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Greece: Back from the Precipice for Now

European stocks and bonds have bounced on hearing the news of the Greek bailout deal from Brussels but this will be shortlived warns Morningstar's Andy Brunner

Andy Brunner 14 July, 2015 | 2:42PM

This article is part of the Morningstar's Guide to Emerging Market Investing. Click here to find out just what an emerging market is and which regions hold the potential to boost your investment portfolio. 

The news of the bailout deal from Brussels yesterday was initially relayed with headlines such as "European Summit Strikes Bailout Deal to Keep Greece in Euro”. Unsurprisingly, financial markets took the news well, with European equity indices bouncing some 2% in early trading and holding onto the bulk of those gains by the close. The Euro Stoxx 50, which fell heavily during the week of the referendum “No” vote, has jumped 9% from the lows and is now close to its best levels in several months.

Similarly, EU peripheral bonds reacted positively to the news, with the Spanish 10-year yield closing at 2.11% compared to a recent spike of 2.60%, and the spread over 10-year German bunds fell back to 125bp. The euro, having initially rallied against the US dollar to 1.12, eased to 1.103 by the close.

During the day more details of the weekend’s negotiations emerged and, while most commentators believe that Greece is more likely to remain in the euro area than leave it, all that has so far been agreed is a basis for negotiations on an aid package that is a fragile compromise proposal. There are major obstacles to overcome, many of which could potentially derail the negotiations before a third bailout is finalised.

The initial agreement may prove to have been the easy bit for both sides, even though the deal goes quite a lot further than the creditors' proposals rejected by Greek voters in the recent referendum. Amongst many other major issues, the Greek parliament needs to approve the reforms linked to the bailout by tomorrow in order to attain the external financing. Yet there is still a lack of clarity about the terms of the deal and there may have to be an election and a new government.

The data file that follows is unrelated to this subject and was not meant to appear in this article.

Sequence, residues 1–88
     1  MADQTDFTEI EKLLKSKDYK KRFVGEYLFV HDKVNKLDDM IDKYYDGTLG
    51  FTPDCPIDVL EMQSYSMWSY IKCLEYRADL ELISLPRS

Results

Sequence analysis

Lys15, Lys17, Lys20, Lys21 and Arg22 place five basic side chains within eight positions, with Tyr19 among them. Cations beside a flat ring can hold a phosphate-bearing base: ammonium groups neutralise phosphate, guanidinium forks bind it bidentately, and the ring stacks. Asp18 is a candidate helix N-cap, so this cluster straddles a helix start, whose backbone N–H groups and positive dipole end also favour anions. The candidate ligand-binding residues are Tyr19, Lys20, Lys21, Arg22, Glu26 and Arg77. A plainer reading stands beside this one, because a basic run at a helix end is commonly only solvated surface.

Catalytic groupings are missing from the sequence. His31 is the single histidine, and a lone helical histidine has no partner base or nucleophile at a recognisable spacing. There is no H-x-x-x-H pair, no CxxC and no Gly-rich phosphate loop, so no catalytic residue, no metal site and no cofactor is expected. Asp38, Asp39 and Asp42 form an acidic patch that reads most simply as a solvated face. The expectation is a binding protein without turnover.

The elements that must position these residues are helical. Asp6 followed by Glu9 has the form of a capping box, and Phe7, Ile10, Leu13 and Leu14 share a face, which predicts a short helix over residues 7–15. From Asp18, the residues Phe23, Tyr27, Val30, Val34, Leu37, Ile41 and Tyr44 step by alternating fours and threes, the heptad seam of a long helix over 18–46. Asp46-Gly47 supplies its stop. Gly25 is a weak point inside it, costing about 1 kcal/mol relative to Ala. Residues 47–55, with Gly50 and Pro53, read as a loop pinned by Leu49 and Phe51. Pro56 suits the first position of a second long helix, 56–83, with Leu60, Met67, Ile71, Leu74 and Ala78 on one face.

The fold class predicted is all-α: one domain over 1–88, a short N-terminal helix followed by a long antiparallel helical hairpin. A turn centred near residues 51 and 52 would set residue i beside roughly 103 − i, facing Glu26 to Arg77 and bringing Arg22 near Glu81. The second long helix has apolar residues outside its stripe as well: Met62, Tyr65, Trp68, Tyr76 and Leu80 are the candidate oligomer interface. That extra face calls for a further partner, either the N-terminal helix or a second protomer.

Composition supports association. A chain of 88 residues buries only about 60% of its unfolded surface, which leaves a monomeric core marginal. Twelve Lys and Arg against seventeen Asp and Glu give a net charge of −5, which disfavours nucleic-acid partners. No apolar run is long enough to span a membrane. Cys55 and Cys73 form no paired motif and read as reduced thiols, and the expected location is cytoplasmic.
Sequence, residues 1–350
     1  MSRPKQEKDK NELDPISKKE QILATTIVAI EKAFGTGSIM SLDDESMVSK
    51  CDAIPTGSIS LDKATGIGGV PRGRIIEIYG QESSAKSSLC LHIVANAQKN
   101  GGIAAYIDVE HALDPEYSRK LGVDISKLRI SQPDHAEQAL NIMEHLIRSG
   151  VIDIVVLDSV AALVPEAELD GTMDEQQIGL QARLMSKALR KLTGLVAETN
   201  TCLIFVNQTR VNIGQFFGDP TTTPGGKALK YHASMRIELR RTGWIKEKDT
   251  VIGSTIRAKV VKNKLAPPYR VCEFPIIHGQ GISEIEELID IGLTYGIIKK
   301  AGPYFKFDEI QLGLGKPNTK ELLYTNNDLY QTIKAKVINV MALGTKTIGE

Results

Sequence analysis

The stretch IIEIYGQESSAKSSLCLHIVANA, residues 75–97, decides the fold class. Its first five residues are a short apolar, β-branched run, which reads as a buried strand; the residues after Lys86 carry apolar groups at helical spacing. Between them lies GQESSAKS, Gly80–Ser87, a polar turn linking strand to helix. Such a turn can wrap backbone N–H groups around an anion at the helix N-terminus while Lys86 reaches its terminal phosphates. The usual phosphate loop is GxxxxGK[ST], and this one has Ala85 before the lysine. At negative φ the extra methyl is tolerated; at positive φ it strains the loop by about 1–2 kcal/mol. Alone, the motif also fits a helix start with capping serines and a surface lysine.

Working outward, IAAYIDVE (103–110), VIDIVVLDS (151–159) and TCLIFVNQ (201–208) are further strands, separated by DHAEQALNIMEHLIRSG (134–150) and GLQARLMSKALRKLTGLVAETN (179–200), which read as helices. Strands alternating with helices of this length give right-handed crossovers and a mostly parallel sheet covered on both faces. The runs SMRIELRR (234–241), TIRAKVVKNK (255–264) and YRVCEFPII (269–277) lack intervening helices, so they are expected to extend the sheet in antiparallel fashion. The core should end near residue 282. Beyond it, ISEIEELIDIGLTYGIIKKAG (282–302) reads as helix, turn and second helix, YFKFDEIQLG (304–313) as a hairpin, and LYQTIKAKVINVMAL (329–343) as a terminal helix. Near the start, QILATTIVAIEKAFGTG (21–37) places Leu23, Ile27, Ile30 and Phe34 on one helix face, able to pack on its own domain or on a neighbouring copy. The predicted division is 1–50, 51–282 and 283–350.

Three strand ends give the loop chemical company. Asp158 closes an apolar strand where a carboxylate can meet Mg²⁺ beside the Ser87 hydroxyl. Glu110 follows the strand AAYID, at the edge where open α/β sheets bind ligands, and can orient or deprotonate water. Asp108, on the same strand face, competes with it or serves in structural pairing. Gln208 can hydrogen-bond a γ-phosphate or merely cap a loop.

Meanwhile, negotiations over bridging loans will be extremely difficult, there are serious doubts about Greece’s ability to enact the required reforms, and there is a lengthy validation process which needs the German parliament’s approval before even starting negotiations on the next bailout.

The list of problems is endless, but the message is that Greece will only remain in the EU if it accedes to the terms and can then implement them. On that basis, uncertainty is set to persist and the hardest part still appears to lay ahead.

So far, only JP Morgan has lowered its euro growth forecasts – Q2 to 1.75% from 2% and Q3 to 1.75% from 2.5%. It should be noted, however, that JP Morgan’s estimates were well above the consensus.

As for the financial markets, the slight weakening of the euro against the US dollar appears a more apposite response and, after such a strong rally, it may prove difficult for European equities to make further near-term headway although the medium term overweight recommendation is retained. Similarly, the rally in EU peripheral bonds may well run out of steam at current spread levels.

The information contained within is for educational and informational purposes ONLY. It is not intended nor should it be considered an invitation or inducement to buy or sell a security or securities noted within nor should it be viewed as a communication intended to persuade or incite you to buy or sell security or securities noted within. Any commentary provided is the opinion of the author and should not be considered a personalised recommendation. The information contained within should not be a person's sole basis for making an investment decision. Please contact your financial professional before making an investment decision.

About Author

Andy Brunner

Andy Brunner  is Head of Investment Strategy, Morningstar UK

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